My voice just echoed and bounced around the darkness driving the boy mad and just confusing him more as to why I chose to leave him behind. The darkness had eroded any inkling of the light inside the boy. He saw me perched above with the light shining on my back as just a shadow, dark and distant. To the boy, I appeared no better than the darkness in which he lived.

So in the end, the boy chose the darkness and its dancing shadows. I accepted his choice and eventually realized that no words, deeds or wishes would have convinced the boy that the wasted life he was living was unnecessary. He chose to hide behind false pride, ego and selfishness. He was a shadow and lacked the necessary trust to follow me and eventually join me as equals in the light.

And the final release, the ripping apart of the last heart string that connected me to him, was bittersweet but much more sweet than bitter, because it’s so lovely in the light.

Never underestimate the power of the darkness and the consuming shadows it casts.

Life is in the light. Death is in the darkness. You have a choice.

~ Paula

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diamonds under a dark mask

There is No Light Beneath the Sociopath’s Darkness, But You’re Another Story

diamonds under a dark maskUnlike sociopaths, we non-sociopaths are complete.

We have a light and a dark side. Sociopaths are just dark; they can’t absorb the light.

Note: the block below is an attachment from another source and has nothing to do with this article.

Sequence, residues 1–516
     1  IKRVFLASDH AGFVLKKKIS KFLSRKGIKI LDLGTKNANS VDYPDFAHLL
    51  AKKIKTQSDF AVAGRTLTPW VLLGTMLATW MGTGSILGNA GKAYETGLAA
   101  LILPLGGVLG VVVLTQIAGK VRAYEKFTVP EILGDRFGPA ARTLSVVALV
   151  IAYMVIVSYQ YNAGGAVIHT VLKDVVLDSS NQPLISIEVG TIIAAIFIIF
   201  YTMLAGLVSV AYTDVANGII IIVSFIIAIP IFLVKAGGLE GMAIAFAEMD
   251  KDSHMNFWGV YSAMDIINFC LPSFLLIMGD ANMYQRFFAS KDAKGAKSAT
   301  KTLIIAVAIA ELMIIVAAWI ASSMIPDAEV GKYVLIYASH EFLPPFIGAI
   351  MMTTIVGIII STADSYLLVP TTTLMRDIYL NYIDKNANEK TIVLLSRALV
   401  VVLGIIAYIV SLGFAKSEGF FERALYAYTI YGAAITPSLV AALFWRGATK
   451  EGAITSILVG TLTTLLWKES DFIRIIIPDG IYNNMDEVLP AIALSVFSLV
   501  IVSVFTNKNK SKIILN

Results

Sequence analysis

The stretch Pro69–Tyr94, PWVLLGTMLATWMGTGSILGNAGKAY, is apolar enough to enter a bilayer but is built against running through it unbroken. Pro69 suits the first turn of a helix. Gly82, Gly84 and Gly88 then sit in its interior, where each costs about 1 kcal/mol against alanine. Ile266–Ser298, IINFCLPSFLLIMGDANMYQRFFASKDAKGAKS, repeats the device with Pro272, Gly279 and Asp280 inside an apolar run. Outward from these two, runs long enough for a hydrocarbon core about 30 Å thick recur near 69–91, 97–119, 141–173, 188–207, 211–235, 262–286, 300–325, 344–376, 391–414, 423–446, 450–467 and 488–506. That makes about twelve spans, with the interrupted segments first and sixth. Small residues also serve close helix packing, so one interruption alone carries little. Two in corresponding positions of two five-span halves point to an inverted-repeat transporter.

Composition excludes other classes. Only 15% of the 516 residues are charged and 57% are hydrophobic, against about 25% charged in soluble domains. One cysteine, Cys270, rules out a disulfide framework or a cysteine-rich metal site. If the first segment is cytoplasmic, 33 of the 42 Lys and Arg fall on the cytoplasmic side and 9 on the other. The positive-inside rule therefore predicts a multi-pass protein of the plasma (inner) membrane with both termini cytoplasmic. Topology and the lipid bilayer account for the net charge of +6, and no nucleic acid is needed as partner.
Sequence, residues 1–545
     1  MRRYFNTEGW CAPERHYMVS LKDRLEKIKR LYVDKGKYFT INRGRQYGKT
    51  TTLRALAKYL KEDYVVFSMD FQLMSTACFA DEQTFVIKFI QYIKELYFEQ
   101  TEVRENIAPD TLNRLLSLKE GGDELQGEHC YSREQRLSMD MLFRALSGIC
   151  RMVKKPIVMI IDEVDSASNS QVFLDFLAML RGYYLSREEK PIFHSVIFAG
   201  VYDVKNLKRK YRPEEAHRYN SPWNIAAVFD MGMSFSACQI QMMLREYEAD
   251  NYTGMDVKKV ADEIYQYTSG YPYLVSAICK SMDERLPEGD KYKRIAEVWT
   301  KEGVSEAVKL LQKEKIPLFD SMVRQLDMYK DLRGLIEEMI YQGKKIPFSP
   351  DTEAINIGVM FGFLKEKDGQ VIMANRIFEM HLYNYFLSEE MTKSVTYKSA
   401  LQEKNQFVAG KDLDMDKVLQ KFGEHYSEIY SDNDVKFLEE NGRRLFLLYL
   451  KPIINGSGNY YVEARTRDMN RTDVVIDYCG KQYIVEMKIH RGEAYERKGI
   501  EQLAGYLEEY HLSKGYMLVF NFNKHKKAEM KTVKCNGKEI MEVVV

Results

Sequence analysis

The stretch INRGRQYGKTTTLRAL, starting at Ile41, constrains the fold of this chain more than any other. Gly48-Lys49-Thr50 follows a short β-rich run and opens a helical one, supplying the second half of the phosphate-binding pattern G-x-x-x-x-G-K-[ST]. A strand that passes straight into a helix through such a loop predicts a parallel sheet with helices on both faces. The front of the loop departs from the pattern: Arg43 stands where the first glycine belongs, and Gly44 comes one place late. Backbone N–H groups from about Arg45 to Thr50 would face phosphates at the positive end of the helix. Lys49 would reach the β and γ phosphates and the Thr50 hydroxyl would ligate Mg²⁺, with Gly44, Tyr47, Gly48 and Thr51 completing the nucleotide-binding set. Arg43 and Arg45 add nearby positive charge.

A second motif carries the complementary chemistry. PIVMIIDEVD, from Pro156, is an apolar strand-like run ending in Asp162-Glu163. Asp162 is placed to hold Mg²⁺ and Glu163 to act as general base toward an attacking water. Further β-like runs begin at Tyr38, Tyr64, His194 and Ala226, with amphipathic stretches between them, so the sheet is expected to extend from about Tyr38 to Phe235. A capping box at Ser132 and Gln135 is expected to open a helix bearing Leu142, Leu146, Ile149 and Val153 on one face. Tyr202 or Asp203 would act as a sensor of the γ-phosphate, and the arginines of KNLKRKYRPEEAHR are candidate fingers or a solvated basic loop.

When I was in the relationship with the sociopath, I started watching the HBO series True Blood. Soon after starting, I stopped. (Or maybe the sociopath made me stop. I can’t remember to be honest.)

Recently, I started watching it again, beginning with episodes from where I left off.

As I watched episode after episode, I kept thinking, “The writers MUST know about sociopaths and psychopaths. Surely, this is a metaphor for what they believe is the truth of this world.”

If you aren’t aware of the show’s premise, here it is in a nutshell:

The world of humans learns that vampires, those blood-sucking beasts of legend and myth who don’t eat food but only human blood for survival, REALLY do exist.

In order for humans and vampires to co-exist, the vampires have the humans convinced that the vampires are not interested in feeding on human blood but can survive, and are happy surviving, on synthetic blood called Tru Blood, manufactured and bottled JUST for vampire consumption.

Tru Blood is the biggest LIE the vampires tell in order to keep humans ignorant and delusional about the truth. The truth is that vampires hate Tru Blood and continue feeding off of the blood of humans secretly and with great success.